As advanced as Justin Herbert’s play has been so far — he’s seventh in the NFL in passer rating — the Chargers continue to ease the rookie’s transition.
Coach Anthony Lynn explained Monday that veteran Philip Rivers routinely would break the huddle with three possible play calls and then decide on the best one based on what the defense was showing.
The coaching staff hasn’t asked that much of Herbert, who is five games into his career. The Chargers hope he will blossom as their quarterback for years to come.
“You don’t want to put that much on his plate because you want him to go and play and not think so much,” Lynn said. “But as the weeks go on, he will get more of that. … Right now, I think he’s doing fine.”
Herbert is averaging 308 yards passing per game and 8.4 yards per attempt, which is tied for third in the NFL. He has thrown for 12 touchdowns with three interceptions, none in his past two games.
Rivers quarterbacked the Chargers for 14 seasons before parting ways with the team in February. He is now with the Indianapolis Colts and has thrown for five fewer touchdowns with three more interceptions than Herbert.
Herbert’s ability to read defenses and in turn put the offense in the proper play is something that Lynn said develops with experience.
As it relates to the running game, he explained the Chargers have to be more productive with who's available to play. Their attack doesn’t include Austin Ekeler, who remains out with a hamstring strain.
The team has struggled to move the ball on the ground without Ekeler and behind an offensive line that has suffered from injuries and inconsistency.
Herbert was the Chargers’ leading rusher Sunday in a 39-29 victory over Jacksonville. He finished with 66 yards, setting a single-game franchise record at quarterback.
“For a man who is 6-6, he’s very nimble,” Lynn said. “In today’s NFL, with the speed of defenses, that’s pretty important. A guy who can do both, throw from the pocket and extend plays, that’s a pretty unique skill set to me.”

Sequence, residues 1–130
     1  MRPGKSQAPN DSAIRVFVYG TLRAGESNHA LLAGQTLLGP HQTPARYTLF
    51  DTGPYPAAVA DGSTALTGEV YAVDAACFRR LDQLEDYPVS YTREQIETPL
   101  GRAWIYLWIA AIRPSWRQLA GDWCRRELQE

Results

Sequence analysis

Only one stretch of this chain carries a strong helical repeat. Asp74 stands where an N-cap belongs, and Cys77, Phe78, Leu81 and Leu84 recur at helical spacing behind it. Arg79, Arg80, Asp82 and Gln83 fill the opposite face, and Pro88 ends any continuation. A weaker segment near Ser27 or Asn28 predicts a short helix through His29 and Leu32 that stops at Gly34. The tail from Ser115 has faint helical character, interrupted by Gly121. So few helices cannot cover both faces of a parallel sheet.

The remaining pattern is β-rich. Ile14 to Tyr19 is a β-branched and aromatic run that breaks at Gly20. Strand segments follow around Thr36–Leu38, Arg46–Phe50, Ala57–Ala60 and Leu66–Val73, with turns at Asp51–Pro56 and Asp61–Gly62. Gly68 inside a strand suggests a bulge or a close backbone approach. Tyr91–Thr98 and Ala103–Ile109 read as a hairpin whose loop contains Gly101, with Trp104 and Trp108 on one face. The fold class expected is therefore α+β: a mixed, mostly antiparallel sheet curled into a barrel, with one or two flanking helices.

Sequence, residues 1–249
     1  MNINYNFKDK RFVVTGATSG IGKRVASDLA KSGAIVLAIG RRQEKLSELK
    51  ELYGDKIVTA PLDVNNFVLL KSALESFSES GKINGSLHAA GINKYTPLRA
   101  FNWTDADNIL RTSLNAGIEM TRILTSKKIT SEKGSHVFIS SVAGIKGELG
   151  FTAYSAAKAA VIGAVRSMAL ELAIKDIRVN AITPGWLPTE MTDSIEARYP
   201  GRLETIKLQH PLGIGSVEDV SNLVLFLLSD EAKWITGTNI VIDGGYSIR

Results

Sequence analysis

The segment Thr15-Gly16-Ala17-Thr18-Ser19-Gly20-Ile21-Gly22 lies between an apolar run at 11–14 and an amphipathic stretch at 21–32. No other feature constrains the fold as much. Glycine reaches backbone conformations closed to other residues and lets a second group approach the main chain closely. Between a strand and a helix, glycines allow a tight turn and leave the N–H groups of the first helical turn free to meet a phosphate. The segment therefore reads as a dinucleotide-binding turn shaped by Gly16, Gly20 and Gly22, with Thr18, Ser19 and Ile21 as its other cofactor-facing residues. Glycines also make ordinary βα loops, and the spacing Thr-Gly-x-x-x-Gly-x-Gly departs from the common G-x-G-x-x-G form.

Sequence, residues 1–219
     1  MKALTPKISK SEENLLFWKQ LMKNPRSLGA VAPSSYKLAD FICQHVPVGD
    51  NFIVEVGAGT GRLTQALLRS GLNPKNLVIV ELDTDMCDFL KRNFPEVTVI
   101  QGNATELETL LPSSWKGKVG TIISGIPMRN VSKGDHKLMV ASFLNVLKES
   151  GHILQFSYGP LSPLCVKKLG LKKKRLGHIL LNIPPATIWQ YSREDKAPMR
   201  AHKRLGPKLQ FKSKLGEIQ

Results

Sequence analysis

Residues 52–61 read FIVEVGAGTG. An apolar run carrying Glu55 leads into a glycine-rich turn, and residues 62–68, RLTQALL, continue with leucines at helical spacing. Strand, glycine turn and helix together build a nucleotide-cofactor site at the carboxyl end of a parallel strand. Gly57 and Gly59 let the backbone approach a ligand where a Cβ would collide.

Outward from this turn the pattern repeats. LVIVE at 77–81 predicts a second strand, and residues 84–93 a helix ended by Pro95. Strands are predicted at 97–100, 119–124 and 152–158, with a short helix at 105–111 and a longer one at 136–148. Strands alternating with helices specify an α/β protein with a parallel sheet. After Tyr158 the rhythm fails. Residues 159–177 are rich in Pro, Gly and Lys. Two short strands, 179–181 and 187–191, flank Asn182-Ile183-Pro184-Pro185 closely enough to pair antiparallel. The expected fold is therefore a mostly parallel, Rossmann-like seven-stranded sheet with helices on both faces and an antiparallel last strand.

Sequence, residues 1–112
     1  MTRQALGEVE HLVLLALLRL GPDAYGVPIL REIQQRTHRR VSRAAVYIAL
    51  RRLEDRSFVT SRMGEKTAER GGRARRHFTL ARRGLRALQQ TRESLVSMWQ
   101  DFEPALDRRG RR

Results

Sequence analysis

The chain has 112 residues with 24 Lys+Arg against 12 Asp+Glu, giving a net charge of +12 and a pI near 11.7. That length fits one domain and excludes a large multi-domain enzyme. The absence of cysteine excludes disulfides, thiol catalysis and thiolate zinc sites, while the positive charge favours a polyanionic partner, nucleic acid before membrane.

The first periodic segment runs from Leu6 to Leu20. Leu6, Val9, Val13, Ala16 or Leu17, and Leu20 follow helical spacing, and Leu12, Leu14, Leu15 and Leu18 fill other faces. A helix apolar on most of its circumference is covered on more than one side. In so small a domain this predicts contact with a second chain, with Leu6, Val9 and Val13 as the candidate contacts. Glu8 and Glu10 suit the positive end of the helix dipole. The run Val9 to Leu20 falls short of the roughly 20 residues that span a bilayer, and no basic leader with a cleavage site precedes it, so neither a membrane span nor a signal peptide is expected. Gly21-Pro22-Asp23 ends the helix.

Against the Jaguars, the Chargers tried to ignite the running game by using receiver sweeps, short passes and, on one play, a wildcat formation. Backup quarterback Easton Stick even came in for two snaps in a failed attempt to dupe the defense.
The Chargers play at Denver on Sunday. The Broncos are among the top 10 in the NFL at stopping the run, giving up an average of only 109 yards.
Defense is run down
Defensively, the Chargers dominated Jacksonville early on, not allowing a completed pass or first down until the second quarter.
But then everything collapsed as the Jaguars needed only six plays to go 78 yards to secure their first touchdown. They added a second score 7½ minutes later with an 11-play drive that covered 67 yards.
Running back James Robinson, an undrafted rookie from Illinois State, punished the Chargers for 119 yards in 22 carries. He failed to reach 50 yards in Jacksonville’s previous two games.
“We made that young man look like Earl Campbell at times,” Lynn said. “It’s got to get better. … We weren’t that familiar with that running back, and we underestimated him.”
One of the most glaring mistakes against Robinson came on a nine-yard touchdown reception just before the end of the first half. Chargers cornerback Casey Hayward had an angle on the rookie and intended to push him out of bounds. Robinson instead powered his way just inside the front pylon.
“I missed him on a couple tackles,” Hayward said Monday. “That’s one thing I’ll definitely be cleaning up going forward.”
Hayward, a Pro Bowl selection in 2016 and 2017, also has struggled at times this season in coverage, getting beat deep. The Chargers' defense allowed only one touchdown after halftime, but that one again happened quickly, the Jaguars going 74 yards in six plays.
The drive was aided by a roughing-the-passer penalty on defensive lineman Jerry Tillery and an unnecessary roughness call against linebacker Denzel Perryman, who hit tight end James O’Shaughnessy after he was on the ground.
“Those are calls that are going to be called every single time,” Lynn said. “Jerry Tillery’s penalty was really an aggressive one. Denzel’s was, that was not smart. That was stupid.”
Green is out
The Chargers will be without tight end Virgil Green for the foreseeable future because of an ankle injury suffered Sunday. He was hurt making a 26-yard touchdown reception in the third quarter.
Lynn said Green could be a candidate for the injured reserve list, pending the results of tests. His absence should mean more opportunities for Donald Parham Jr. and Stephen Anderson.
Lynn said the Chargers will not bring in any kickers to try out this week with Michael Badgley struggling. Badgley has missed two extra-point tries and two field-goal attempts over the last two games. … Wide receivers coach Phil McGeoghan remains away from the team as he deals with a family matter.
This story originally appeared in Los Angeles Times.